Making the Whole Solution Greater than the Sum of its Parts
Much of which was custom built and has been patched and upgraded over the years. Over time, new technological acquisitions have only exacerbated the situation. Weaving new systems into the stack and seamlessly exchanging data between the entire company, not to mention external users, is the equivalent of a technological game of Jenga.
In the end, we rely on clunky workarounds and manual solutions to get the job done, when a total system overhaul is needed. However, a technological restructuring could take years and millions of dollars to complete. Many companies ask themselves, "When do we put our toe in the water?" "What is the right technology and when is it worth the investment?" "How do we put all these pieces together to get the most out of it?" It can be expensive and painful to implement. It's even harder if you are not a big firm with the budget to undertake such a project.
Oftentimes, the workarounds are "good enough" and the upgrades so daunting that organizations just chug along as best they can…until they simply can’t and their shortcomings become painfully obvious.
There simply has to be a better way. How can we still use our legacy technology, yet incorporate new FinTech services, and not have to piecemeal the whole thing together? The answer, in my opinion, can be found through leveraging the power of semantic web ontologies.
How can we still use our legacy technology, yet efficiently and flexibly incorporate new FinTech services?
My team at UCC has been working with David Saul, Chief Scientist, and other State Street experts on a proof of concept that took a sliver of data, using bonds and equity markets, and mapping it against FIBO (Financial Industry Business Ontology). FIBO, with the Object Management Group (OMG), defines data meanings in our industry. With our approach, all of your data (both old and new, structured and unstructured) stays in your proprietary systems, databases, Excel files etc, as it stands. This new ontological layer sits on top of this technology stack and extracts information based on characteristics to meet business requirements. The approach essentially creates a map of your data, no matter where it is stored or in what format.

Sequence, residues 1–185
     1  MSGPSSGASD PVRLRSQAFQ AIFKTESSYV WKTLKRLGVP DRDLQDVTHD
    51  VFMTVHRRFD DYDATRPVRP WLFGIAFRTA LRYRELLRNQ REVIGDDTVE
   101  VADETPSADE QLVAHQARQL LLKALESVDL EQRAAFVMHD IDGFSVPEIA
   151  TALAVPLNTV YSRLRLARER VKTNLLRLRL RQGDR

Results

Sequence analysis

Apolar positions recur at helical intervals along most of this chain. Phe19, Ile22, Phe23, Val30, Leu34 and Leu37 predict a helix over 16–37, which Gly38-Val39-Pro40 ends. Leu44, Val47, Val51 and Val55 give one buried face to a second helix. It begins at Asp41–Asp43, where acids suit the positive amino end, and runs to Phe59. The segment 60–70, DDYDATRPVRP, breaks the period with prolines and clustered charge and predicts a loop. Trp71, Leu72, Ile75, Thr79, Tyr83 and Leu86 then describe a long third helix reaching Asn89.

Since this is a filter on top of pre-existing systems, data can remain in any system or database. The data is extracted and filtered through the ontology layer, dramatically reducing the manual work of searching/pulling/correlating/cleaning/sorting it all. This approach has significant business value. After all, when the next generation of FinTech technology comes along, you won’t have to replace your entire backend setup or undertake expensive system migration projects. You will just add it to the mix of tech in play and put the ontology layer on top.
Many financial services institutions are grappling with adopting the right technology. This ontology layer provides you with the ability to use multiple distributed systems and pull data from anywhere. Instead of putting everything into one big bucket, leave the buckets where they are and just put this layer on top.
In a recent SEC announcement regarding tagged data, Commissioner Kara M. Stein said, "Today, the Commission is proposing a single reporting format for public company reports that is both human and machine readable. Computers can quickly parse the data and humans can view the document in an ordinary way." As Saul has mentioned, "I don’t believe I could have said it better myself. To make data both human AND machine readable is exactly what we are trying to do. That is at the heart of what I have been advocating for through the years."
While this ontological system is still in its early stages, we’ve had promising results with our proof of concept. The next step is to test our system with more data from a different sector and see if we can replicate the results. We want to make sure we are doing and we are applying it. Tech for tech’s sake just adds to the mess. Our goal is to take the pieces and build something that fits seamlessly together.
Philip O'Reilly is Senior Lecturer in Information Systems and Co-Director of the State Street Advanced Technology Centre at Cork University Business School, UCC. Phil is a fan of gadgets, which rarely reach "legacy status" thanks to his two small girls.